MORPHOLOGICAL ANALYSIS AS A STEP IN AUTOMATED SYNTACTIC ANALYSIS OF A TEXT

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1 GUSTAV LEUNBACH MORPHOLOGICAL ANALYSIS AS A STEP IN AUTOMATED SYNTACTIC ANALYSIS OF A TEXT Introduction. The general purpose of this study is to investigate the possibility of an almost completely automated syntactic analysis of a given text of a known language. This has in itself some theoretical linguistic interest, and to the extent that it succeeds, it will save a large amount of labour in relation to automated indexing and translation, etc.. One step in this analysis is to count the occurrences of all wordforms of the text, not for statistical purposes, but for the purpose of selecting a list of highly frequent word-forms for which the labour of adding syntactic information before the automated analysis is most fruitful. This list contains some substance words for which the syntactic information mainly consists of assigning a word class; this helps the automated analysis just because the words are frequent; they appear in many periods of the text. But mostly the list contains structural words (prepositions, pronouns, adverbs, auxiliary verbs, etc.); without information on the syntactic function of these words it is usually impossible to analyse a text at all. Another step in the investigation - the one with which this paper deals - is the automated utilization of the morphological information contained in the text: a search of the implicit information on word class and syntactic function which is given by the knowledge that two or more word-forms are flexions of a common stem. The concept of a lemma. As indicated above, a lemma is defined as a group of two or more word-forms of the text which morphologically may be flexed forms of a common word stem within one of the flexion paradigms included

2 270 GUSTAV LE't,INBACH in the analysis (most so-called irregular paradigms being excluded as too difficult to automate). The language in question is Danish, and a list of 25 paradigms and paradigm variants for that language is given as Table E ES - S ET ETS ENE ENES E MS - S EN ENS MNE ENES E MS Z - Z S ET ETS ENE ENES E ES Z - Z S EN ENS ENE ENES E ES X - X S ET ETS ENE ENES E ES X - X S EN ENS ENE ENES ER. ER`S - S ET ETS ER.NE ER.NMS ER. ER.S - S EN ENS MR.NM EkNMS ER. ER.S Z - Z S ET MTS ER.NE ER.NES ER. ER.S Z - Z S EN ENS MIKNE ER.NES Elk ER.S X - X S ET ETS MRNE ER.NMS ER ER`S X- X S EN ENS ERNE ER`NES E ES - S ET ETS NE NES E ES - S EN ENS NE NES E ES ER. EKS ET MTS MR.NE ER.NES E ES EIK ER`S EN ENS EI~NE EKNMS EDM EDES - S ET ETS ENDE ENDMS E ES ETE ETES ET ETS ElK E ES EDE EDES ET ETS ENDE ENDMS E ES EDE EDES ET ETS ENDE ENDES M ES T TS TE TES ENDE ENDES E ES X T X TS X TE X TES ENDE ENDES E MS ST EST EKE EKES ESTE ESTES M MS ST EST ERE EKES ESTE ESTES E ES ST EST ERE ER.ES ESTE ESTES R. MR. - MR. X- ER. MR. X- T - X T X- Z T Z- STE STES TABLE 1 25 PARADIGMS AND PARADIGM VAR.IANTS OF STANDAR.D DANISH THE FIKST 16 AlKE NOMINAL PARADIGMS, NOS. 17 TO 22 AlKE VERBAL, THE LAST THREE ADJECTIVAL. THE ORDER. OF ENDINGS WITHIN EACH LINE HAS NO SIGNIFICANCE WHATEVER. X Z X AND Z BEFORE ENDINGS INDICATE STEM MODIFICATIONS THE STEM IS FOKMED BY DOUBLING THE LAST LETTER. BEFOR. THE ENDING AN E BEFOR`E THE LAST LETTER. BEFORE THE ENDING (FLUID E) IS DELETED AND A POSSIBLE DOUBLE LETTER BEFORE THIS E IS DISSOLVED. The text has been read into a computer, giving each word-form an index number the ftrst time it occurred and storing in one file the text represented by index numbers and in another the word-forms. Lemmatization was performed on this latter file by reading each word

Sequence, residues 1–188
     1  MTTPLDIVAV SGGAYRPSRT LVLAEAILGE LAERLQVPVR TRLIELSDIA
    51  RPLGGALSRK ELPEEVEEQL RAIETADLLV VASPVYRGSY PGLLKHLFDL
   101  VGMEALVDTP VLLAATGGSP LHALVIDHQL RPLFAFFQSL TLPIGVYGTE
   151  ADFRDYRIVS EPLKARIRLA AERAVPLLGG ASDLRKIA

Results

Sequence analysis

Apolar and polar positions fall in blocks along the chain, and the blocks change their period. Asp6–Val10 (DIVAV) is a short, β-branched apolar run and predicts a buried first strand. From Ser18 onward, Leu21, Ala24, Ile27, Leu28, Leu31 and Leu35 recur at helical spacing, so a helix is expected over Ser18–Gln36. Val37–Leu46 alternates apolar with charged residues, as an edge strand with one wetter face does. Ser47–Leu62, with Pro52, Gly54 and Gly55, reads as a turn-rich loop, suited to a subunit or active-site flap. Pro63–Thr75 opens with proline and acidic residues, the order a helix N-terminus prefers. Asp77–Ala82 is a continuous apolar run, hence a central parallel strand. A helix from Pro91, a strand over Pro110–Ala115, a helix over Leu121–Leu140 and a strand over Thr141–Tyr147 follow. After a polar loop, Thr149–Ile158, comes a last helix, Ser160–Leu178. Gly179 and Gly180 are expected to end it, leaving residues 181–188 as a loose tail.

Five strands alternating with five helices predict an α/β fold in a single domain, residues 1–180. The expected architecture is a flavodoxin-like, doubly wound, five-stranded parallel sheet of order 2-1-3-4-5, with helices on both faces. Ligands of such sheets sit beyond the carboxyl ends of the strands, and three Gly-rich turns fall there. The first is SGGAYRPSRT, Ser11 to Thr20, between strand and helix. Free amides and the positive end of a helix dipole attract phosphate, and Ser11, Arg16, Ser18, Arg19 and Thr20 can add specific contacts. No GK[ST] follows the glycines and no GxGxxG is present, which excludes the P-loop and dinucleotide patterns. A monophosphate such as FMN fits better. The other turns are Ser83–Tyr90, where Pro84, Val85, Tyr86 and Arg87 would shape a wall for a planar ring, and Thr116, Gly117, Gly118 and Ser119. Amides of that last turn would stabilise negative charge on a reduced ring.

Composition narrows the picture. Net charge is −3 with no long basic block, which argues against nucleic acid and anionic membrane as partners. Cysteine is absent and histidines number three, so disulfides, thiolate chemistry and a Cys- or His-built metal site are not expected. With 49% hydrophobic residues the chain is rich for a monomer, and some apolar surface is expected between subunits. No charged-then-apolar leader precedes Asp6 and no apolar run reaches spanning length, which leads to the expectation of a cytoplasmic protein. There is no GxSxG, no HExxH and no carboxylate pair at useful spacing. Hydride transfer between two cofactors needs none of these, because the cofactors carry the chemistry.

3 MORPHOLOGICAL ANALYSIS 271 backwards. If the last letter was one which could form an ending or a part of an ending the preceding letter was also searched, etc.. All cases of a possible stem and ending have been treated as putative stems. To quote the extreme example, a form XXSTES is treated as a putative stem in itself and as derived from the following putative stems: XXSTESS (this is the x-modification of Table 1, the double consonant only appears before endings containing an e); XXSTS (the z-modification); XXST; XXS and XX. The last three all occur in common Danish words; the three first do not, but this only means that another derivation from the same putative stem does not appear unless by a very rare coincidence. The putative stems are stored in a list, and each one is compared with all preceding until it is revealed as either one of them or a new one. It is essential for the practical maintenance of the analysis that the wordforms are sorted at least by flrst letter and the comparison made one group at a time; actually the words were ordered nearly alphabetically, but no general rule could be devised for stopping the search earlier. After the search has been completed, all putative stems which appear only once are discarded. Of the rest, only those are conserved where at least two endings belong to the same paradigm, that is to the same one among the 25 lines of Table 1. Finally, a file of the index numbers of all word-forms is loaded with information on every lemma that each word-form belongs to and with which ending. If the same word-form belongs to more than one lemma, there is a conflict, see later. The text is a short Western novel of about 41,000 words which have been sorted into slightly more than 5,000 word-forms. Of these, about 2,950 have been marked as members of lemmas. However, this does not mean that useful syntactic information can be derived for nearly 60 pct. of the word-forms of the text. Unless the lemma is a pure coincidence (homograph), between two unrelated words apart from some letters which may be flexion endings; this is a problem of the same kind as ordinary homography is for any automated text analysis), it indicates a semantic bond between its members, but the syntactic information depends on the set of endings contained in the lemma. In the following, lemmas will be divided into three main categories, unambiguous, ambiguous and conflicting. So far, a complete analysis has been performed on the 323 lemmas formed by words with initial letters A-G, including 882 out of 1568 word-forms.